New York employers must abide by the Civil Rights Act of 1963 and the Equal Pay Act, both of which prohibit discrimination on the basis of gender. Consequently employers cannot use sex or gender as a basis for determinations regarding wages, hiring policies, or promotion policies. They are also required to make sure that the working environment is neither hostile to a particular gender nor overtly sexual.
What Must be Proven in a Discrimination Claim?
Discrimination happens according to the Equal Pay Act if both men and women are working in the same job and performing the same tasks, yet receive different wages. Additionally, a claim may succeed if an employer in Hornell hires only one gender, promotes workers because of their gender, or retaliates against those seeking relief for this misconduct.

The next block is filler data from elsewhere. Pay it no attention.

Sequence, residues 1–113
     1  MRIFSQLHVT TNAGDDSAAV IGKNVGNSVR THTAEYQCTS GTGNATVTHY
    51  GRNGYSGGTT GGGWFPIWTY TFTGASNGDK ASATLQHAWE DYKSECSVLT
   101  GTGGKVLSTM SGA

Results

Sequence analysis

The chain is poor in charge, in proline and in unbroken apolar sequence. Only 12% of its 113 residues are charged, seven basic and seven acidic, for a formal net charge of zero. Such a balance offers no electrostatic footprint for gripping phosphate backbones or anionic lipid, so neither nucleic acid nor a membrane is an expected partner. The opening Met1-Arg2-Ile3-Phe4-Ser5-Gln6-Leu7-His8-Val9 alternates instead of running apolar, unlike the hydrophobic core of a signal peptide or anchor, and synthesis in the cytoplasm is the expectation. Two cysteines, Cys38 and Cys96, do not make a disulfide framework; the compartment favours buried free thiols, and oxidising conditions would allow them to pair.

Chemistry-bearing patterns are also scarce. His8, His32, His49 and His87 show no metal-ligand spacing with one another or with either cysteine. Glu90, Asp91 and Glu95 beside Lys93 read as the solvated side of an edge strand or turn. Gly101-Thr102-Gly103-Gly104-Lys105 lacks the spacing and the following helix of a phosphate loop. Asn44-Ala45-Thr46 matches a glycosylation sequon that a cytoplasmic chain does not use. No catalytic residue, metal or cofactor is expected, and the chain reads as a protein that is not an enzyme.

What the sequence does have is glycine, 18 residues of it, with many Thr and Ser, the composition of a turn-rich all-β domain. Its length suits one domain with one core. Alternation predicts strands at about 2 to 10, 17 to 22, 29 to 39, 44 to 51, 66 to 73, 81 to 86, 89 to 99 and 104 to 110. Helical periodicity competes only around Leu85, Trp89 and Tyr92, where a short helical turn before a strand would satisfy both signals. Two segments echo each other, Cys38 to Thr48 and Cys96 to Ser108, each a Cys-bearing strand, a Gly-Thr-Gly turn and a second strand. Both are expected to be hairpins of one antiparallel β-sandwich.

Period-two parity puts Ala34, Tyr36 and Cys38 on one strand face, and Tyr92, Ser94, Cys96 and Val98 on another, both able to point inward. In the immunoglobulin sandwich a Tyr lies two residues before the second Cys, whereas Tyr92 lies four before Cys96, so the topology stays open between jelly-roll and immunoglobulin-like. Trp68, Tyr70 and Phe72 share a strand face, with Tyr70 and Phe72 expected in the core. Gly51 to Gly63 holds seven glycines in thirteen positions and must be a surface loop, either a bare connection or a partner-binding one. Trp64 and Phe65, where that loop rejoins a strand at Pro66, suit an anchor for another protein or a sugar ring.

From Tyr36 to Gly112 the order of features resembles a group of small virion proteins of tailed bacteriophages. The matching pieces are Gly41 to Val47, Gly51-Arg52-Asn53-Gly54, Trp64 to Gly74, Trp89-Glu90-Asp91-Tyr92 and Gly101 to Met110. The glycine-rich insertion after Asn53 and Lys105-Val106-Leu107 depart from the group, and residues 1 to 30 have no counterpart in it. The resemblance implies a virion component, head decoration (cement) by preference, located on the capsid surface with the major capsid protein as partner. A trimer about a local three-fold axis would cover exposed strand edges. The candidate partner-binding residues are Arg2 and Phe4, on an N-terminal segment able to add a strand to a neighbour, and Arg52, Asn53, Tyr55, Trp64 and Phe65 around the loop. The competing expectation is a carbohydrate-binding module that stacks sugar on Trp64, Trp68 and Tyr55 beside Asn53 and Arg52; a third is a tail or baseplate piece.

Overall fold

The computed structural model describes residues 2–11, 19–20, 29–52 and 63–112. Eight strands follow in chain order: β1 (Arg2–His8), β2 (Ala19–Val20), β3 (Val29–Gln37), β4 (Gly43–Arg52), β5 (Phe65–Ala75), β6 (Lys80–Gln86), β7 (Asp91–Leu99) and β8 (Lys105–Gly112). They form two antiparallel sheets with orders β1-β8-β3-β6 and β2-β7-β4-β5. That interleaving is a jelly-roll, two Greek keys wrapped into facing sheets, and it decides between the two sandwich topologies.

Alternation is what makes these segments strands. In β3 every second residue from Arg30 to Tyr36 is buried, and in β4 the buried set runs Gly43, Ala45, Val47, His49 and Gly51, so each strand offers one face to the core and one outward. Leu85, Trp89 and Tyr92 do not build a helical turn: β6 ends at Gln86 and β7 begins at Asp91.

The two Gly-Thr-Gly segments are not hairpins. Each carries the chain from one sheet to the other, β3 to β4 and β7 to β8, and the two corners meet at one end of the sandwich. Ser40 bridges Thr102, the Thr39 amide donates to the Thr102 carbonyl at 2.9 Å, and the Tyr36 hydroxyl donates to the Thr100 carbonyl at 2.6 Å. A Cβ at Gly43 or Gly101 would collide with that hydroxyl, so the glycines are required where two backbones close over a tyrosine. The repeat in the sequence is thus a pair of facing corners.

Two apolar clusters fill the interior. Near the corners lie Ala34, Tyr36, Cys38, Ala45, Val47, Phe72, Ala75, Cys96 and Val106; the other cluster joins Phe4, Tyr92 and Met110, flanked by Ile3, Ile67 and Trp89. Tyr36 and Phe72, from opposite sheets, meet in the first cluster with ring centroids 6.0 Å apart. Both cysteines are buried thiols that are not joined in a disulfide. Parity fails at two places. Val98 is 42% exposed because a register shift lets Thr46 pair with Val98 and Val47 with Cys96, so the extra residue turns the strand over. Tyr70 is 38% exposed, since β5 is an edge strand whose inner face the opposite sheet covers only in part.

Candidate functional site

When is Sexual Harassment Prohibited?
Sexual harassment includes all unwelcome or unwanted conduct of a sexual nature that is directed at the victim, whether it is physical or verbal. Employers in Hornell may be held liable for the sexual harassment, even when it was a co-worker who directly engaged in the conduct.
New York employers who allow conduct to produce an overly sexual work atmosphere may also be held liable for sexual harassment. The specific details for proving intent to discrimination can be complicated, and so gender discrimination might be challenging to prove without an attorney. The procedures for filing can also be complex.